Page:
Monday, October 13, 2008

The Emotional Trader & Manipulative Money Man

Two films that could describe the current financial mess are Ben Younger's Boiler Room and Sameer Hanchate's Gafla.

Emotional meltdown...

In Boiler Room we see how young men are trained and even encouraged to cheat people out of their money. The brokers lie and do whatever it takes to get their clients to throw away their hard earned money because they all want to be quickly rich so as to emulate their hero in the form of Gordon Gekko (played by Michael Douglas) from Oliver Stone's Wall Street. There is a scene near the film's where the brokers are taught, from Ben Affleck's character, not to sell stocks to women because they are told that women are too emotional and would constantly phone in when the stocks fluctuate every hour. While Ben Younger may have gotten away with writing this line back in 2000, he could not have inserted these words if he had to make the film today. That's because in today's wall street it is the male brokers and traders who are emotional and are simply gripped in a panic state. Some male traders have suspended their rationale and are even emotionally judging the cold hard logic of software programs. In last month's New York Times, there was an article which talked about how automated trades are triggered by robotic algorithms. This certainly has the potential to cause a lot of damage as it did back on Sept 7 when in "a matter of about 12 minutes more than $1 billion in stock-market value [of United Airlines] evaporated".

This is how things unfolded:

At 1:36 a.m. E.D.T. last Sunday, Sept. 7, Google’s search “crawler” picked up a 2002 news article about United filing for bankruptcy from the Web site of The South Florida Sun-Sentinel; for some reason the outdated story had been listed on The Sun-Sentinel’s list of most popular business stories. (United emerged from bankruptcy protection in 2006.)

The next morning, an employee of the investment advisory firm Income Securities Advisors saw the story and posted it to the company’s own wire service, which is available over Bloomberg’s trading terminals. United’s stock plummeted soon after.

The story tries to underplay the human error: Human error seems to have played only a minor role. The financial damage was mostly the result of the interplay between the algorithms that search and compile information from the Web and the ones that Wall Street firms and hedge funds use to make trades automatically.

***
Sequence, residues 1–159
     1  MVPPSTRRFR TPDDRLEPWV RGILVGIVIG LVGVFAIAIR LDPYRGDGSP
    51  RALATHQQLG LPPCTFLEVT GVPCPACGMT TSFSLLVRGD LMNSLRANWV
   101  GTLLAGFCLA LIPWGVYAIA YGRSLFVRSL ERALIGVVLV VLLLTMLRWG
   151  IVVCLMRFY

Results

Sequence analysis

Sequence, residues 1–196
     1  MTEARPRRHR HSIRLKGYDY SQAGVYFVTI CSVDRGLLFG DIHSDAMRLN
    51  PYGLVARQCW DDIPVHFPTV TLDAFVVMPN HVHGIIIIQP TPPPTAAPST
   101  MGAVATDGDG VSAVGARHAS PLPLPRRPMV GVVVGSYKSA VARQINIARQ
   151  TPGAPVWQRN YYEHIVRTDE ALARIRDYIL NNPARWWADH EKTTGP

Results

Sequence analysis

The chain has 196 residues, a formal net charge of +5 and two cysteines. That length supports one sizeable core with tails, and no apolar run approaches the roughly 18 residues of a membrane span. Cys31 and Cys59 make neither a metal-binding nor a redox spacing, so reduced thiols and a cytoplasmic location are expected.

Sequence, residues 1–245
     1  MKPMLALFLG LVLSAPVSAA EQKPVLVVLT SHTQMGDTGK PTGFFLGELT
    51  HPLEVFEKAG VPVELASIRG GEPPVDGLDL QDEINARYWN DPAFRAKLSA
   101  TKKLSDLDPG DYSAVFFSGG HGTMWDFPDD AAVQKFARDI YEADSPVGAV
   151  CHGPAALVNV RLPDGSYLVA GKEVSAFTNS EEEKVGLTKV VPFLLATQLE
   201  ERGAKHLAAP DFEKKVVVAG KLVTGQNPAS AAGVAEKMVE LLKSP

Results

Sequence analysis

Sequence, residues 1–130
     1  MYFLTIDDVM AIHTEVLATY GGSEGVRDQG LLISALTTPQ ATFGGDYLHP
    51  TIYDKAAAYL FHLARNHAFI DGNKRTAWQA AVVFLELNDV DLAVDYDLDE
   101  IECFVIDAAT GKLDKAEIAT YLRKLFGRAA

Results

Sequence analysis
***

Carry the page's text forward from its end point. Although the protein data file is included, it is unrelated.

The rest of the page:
I disagree. The problem with this flow of events is clearly down to human error. The first fault lies with the programmers who created the web robot -- the algorithm should only have picked up new stories but in this case it picked up an old story. Even if the story was posted on Sept 7, I am sure a timestamp somewhere on the story would have indicated it was an old story. But the bigger error took place when the employee unleashed the story on their wire service without even checking the timeline of the events.

Can any of these panicked men take a minute to calmly think things through? Seriously...

Manipulating the markets..

What was more worrisome about the above story was the following situation:
Witness another recent case that had the potential to cause a stock market wipeout, but benefited from serendipitous timing: after the close of trading on Aug. 27, Bloomberg News inadvertently released an obituary of Steve Jobs, the chief executive of Apple — who, despite frequent rumors of ill health, was, and is, very much alive. The story was quickly retracted.

How on earth does someone "inadvertently" release an obituary of someone? The story does not elaborate on this at all. But in another article, the following lines attempt to justify this mistake: It's not out of the ordinary at all that Bloomberg would have this written; all major news outlets have notable persons' obituaries prepared in advance so that only minor changes need be made at the actual time of death. That way, the news can be reported almost immediately and can be updated with further detail.

Uh-huh. Sure. But did it occur to anyone that this might be a ploy to actually manipulate the stocks? Maybe someone was not happy with release of the iPhone?

Sameer Hanchate's Gafla is based on the life of Harshad Mehta, a man charged with stock manipulation. But the film shows a different take on the situation and depicts powerful men purposely trying to manipulate the stock market for their own interests, while turning Mehta into a scape-goat. Ofcourse, the truth will never be known because Mehta died in jail but it is not hard to believe that the markets can sometimes be manipulated to suit certain people's needs.

[Update, Oct 14: It seems there was a temporary relaxing of the panic state in Canada today, following the record surges in Wall Street on Monday, Oct 13.]

1 comment:

sanjay mundada said...

Dear member, The actual and true story about Harshad Mehta can be seen here Harshad Mehta It has very beautifully described every bit of 1992 scam.